© Twentieth Century Fox of Germany GmbH

U.S.A. 2012

Opening 14 Mar 2013

Directed by: Sacha Gervasi
Writing credits: John J. McLaughlin, Stephen Rebello
Principal actors: Anthony Hopkins, Helen Mirren, Scarlett Johansson, Danny Huston, Toni Collette

Alfred Hitchcock is considered one of the most influential film directors of all time. In the film Hitchcock, we are transported to 1959 during the filming of Psycho, which would become the most successful movie of his career. As Hitchcock (Anthony Hopkins) deals with the stress of funding and filming Psycho, his wife Alma Reville (Helen Mirren) feels unloved and starts to spend time with another man.

To put it nicely, Hitchcock is a disappointment. With such a strong cast, an interesting topic, and strong screenwriter, it should have been an excellent film. However, it fails by not focusing on the making of Psycho, but rather the difficult relationship between Hitchcock and his wife Alma. The moments when Hitchcock was most successful were when it revolved around the director’s infamous relationship with his leading ladies, the hiring process of the cast of Psycho, and the other glimpses of the filming of the movie. When it transitioned to Alma’s love affair with the decidedly sleazy Whitfield Cook (Danny Huston), the pace of the film slows down to a near halt.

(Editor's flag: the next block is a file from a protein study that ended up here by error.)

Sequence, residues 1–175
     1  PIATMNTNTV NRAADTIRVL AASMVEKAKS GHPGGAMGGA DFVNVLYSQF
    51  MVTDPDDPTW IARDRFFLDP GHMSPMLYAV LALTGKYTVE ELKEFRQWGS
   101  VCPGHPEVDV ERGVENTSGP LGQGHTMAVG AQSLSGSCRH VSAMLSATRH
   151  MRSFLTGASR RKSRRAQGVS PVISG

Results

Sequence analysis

Anthony Hopkins does a reasonably good job acting the role of Hitchcock, and he managed to take on the correct pacing of his voice and irregular humor quite well. However, there are a few close-ups to his face where, I assume, he was supposed to convey deep emotion, but I saw nothing. Helen Mirren does her best with an uncompromising role, but she was not very inspiring, and she did not make me feel for Alma’s situation at all. Hitchcock frustrated me with his unthinking possessiveness and jealousy, Alma frustrated me by being unsympathetic, and the film as a whole frustrated me by not conveying an ounce of true feeling.

While the tiny glimpses of the filming of Psycho make this film interesting enough to give it a watch, there is little else to recommend it. Indeed, I am not certain what the viewer is supposed to take from this foray into Hitchcock’s directing career. Maybe that he was crazy enough to hallucinate about serial murders? Maybe that he was a creepy old man who lusted after beautiful women and took advantage of his position of power over them? Or maybe just that he was a man who treated his wife poorly, but seemingly makes up for it by posing for photos with her by his side. Regardless, it will do little to realistically enlighten the viewer of Hitchcock or his wife, so the point of the film is lost on me. (Rose Finlay)

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